Help! My co-worker won’t stop talking: Ask HR

A chatty co-worker can sometimes be a distraction to others in the workplace. (Photo: GETTY IMAGES)

Johnny C. Taylor Jr., a human resources expert, is tackling your questions as part of a series for USA TODAY. Taylor is president and CEO of the Society for Human Resource Management, the world’s largest HR professional society.

The questions are submitted by readers, and Taylor’s answers below have been edited for length and clarity.

Have a question? Do you have an HR or work-related question you’d like me to answer? Submit it here.

Question: There’s a social butterfly on my team who everyone likes, but it’s starting to seem like she spends more time distracting us than working. Something needs to change, but I don’t want to get her in trouble. What should I do? – Anonymous

Johnny C. Taylor Jr.: In the workplace, you’re bound to encounter people with different personalities, cultural backgrounds and ideas. And that’s a good thing!

The ideal workplace is diverse. It’s where differences come together to create a unique and enriching work environment. Of course, personalities don’t always blend seamlessly. Sometimes there’s dissonance when temperaments and communication styles collide.

You should start by making it clear to your co-worker that, although she is well-intentioned, she is nevertheless distracting others. Fortunately, you don’t need to say this out loud; you can signal it through action. Try refraining from asking her unnecessary questions and offer only short responses to her chatter. This can signify that you’re trying to be productive, sending her a social cue to get back to work.

Your co-worker could very well decode this message, correct her behavior and solve the problem.

However, take care that she doesn’t misinterpret this signal. By creating a perception that you’re unwilling to socialize, you run the risk of diminishing her morale and inadvertently affecting your team’s ability to collaborate.

Another approach is to verbally establish boundaries. When the situation warrants, communicate that you’re busy and don’t have time for small talk. You might say something like “Sorry, I’ve got a lot to do right now, but let’s catch up later.”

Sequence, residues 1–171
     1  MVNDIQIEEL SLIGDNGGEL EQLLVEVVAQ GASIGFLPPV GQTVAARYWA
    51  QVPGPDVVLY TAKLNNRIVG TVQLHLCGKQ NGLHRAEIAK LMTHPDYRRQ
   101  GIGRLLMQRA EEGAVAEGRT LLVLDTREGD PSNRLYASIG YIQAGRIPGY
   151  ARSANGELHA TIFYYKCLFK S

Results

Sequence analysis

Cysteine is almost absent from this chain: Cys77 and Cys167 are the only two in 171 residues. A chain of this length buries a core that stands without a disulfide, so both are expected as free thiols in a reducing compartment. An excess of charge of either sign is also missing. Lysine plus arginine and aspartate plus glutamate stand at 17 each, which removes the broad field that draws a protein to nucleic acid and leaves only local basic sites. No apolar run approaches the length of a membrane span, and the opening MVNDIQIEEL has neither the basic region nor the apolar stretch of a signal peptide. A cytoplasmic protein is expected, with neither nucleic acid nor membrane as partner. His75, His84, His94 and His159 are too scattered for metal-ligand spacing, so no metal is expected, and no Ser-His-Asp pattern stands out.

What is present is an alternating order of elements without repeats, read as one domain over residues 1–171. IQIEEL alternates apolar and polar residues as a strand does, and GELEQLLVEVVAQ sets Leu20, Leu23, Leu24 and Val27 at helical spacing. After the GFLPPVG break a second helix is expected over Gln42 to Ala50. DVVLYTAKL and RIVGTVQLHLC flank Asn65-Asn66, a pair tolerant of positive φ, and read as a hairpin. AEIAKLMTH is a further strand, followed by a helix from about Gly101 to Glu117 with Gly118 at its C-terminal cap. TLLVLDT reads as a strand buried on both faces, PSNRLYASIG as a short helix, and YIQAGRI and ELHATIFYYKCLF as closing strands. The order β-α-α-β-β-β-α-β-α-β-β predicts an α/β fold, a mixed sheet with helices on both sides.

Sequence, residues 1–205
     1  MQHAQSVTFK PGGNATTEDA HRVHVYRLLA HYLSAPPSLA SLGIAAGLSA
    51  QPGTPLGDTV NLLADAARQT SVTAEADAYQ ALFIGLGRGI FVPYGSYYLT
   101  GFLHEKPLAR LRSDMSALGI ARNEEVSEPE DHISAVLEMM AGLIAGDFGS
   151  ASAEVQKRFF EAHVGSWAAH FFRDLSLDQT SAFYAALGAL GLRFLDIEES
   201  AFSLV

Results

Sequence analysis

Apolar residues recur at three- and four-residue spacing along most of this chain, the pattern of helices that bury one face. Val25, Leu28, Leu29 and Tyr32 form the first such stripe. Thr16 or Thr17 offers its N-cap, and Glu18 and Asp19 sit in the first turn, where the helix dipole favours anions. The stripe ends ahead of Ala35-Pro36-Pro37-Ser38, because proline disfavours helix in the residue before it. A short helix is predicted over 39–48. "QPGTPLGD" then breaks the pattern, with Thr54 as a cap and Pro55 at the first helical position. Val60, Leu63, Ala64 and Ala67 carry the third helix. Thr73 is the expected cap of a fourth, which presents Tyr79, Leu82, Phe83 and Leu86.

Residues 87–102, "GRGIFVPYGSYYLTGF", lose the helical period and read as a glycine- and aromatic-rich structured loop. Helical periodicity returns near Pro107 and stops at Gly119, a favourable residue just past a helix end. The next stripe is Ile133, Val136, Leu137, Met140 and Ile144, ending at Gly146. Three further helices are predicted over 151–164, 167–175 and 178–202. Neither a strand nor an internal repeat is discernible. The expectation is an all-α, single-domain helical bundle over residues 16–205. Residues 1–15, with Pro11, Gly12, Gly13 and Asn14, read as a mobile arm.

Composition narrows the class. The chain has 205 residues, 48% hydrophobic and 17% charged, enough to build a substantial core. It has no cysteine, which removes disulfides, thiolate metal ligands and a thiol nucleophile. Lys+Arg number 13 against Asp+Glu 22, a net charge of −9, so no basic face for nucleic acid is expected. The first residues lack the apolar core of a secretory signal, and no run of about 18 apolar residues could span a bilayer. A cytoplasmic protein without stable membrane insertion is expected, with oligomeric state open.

Again, this message could be enough. And you can always follow up with a suggestion to get together after work. There, you can enjoy each other’s company and build camaraderie without cutting into your team’s productivity.

If both of these efforts fail, it will be time to take a more direct approach. It might be uncomfortable, but you should have a candid conversation with your co-worker about the problem you see.

Focus on your needs – not what she’s doing wrong. That way, she can see it as a request for a favor rather than a criticism of her. Remember: People love to help other people, but they hate feeling judged.

You could even acknowledge your discomfort in raising the subject, then say you’ve chosen to be transparent out of respect for her and, more importantly, because you genuinely value your relationship. Emphasize that it’s not a matter of right or wrong, but of different styles, and this should be understood and accepted by you both.

As a last course of action, talk to your supervisor – and don’t worry about “getting her in trouble.” Your supervisor should resolve the problem in a way that makes your workplace work better for you, her and your team.

Leggings may be undeniably fashionable, but not always appropriate in the workplace. (Photo: Reviewed.com)

Q: Are leggings appropriate in the workplace? I think they are, but some of my co-workers disagree. – Anonymous

Taylor: Leggings are undeniably fashionable today, so the question of whether they are work-appropriate comes up a lot. And the answer really depends on the particular workplace culture.

In more conservative industries, like banking or law, employers may frown on leggings under all circumstances, especially if the position is client-facing. “Business-formal” dress codes generally don’t include leggings.

On the other hand, more informal workplaces, like you might find in the creative industries or in technology startups, are more likely to view leggings as appropriate attire.

The answer also depends on the employer’s brand, as well as the employee’s position. Some employers don’t allow external-facing employees, like a receptionist, to wear leggings, yet are more flexible with internal-facing employees, such as IT. Similarly, a five-star steakhouse may require waiters and waitresses to wear formal attire, while a neighborhood diner allows leggings.

The world of work is ever-changing. This includes how employees dress and the corresponding expectations of employers. Thanks to increased telework and the gig economy, the volume of work performed outside of the formal office environment is rising. That trend may be behind the move toward more casual dress in workplaces.

However, this doesn’t necessarily apply to your workplace. If you’re unsure of your organization’s dress code, the answer is probably in your employee handbook. It may contain a stringent dress code or general guidelines to follow.

If the advice is unclear, ask human resources staff about how leggings are perceived at your place of business. You may gain some valuable knowledge about the unwritten rules that guide your culture – at least when it comes to fashion.

Society for Human Resource Management CEO Johnny C. Taylor (Photo: Delane Rouse)

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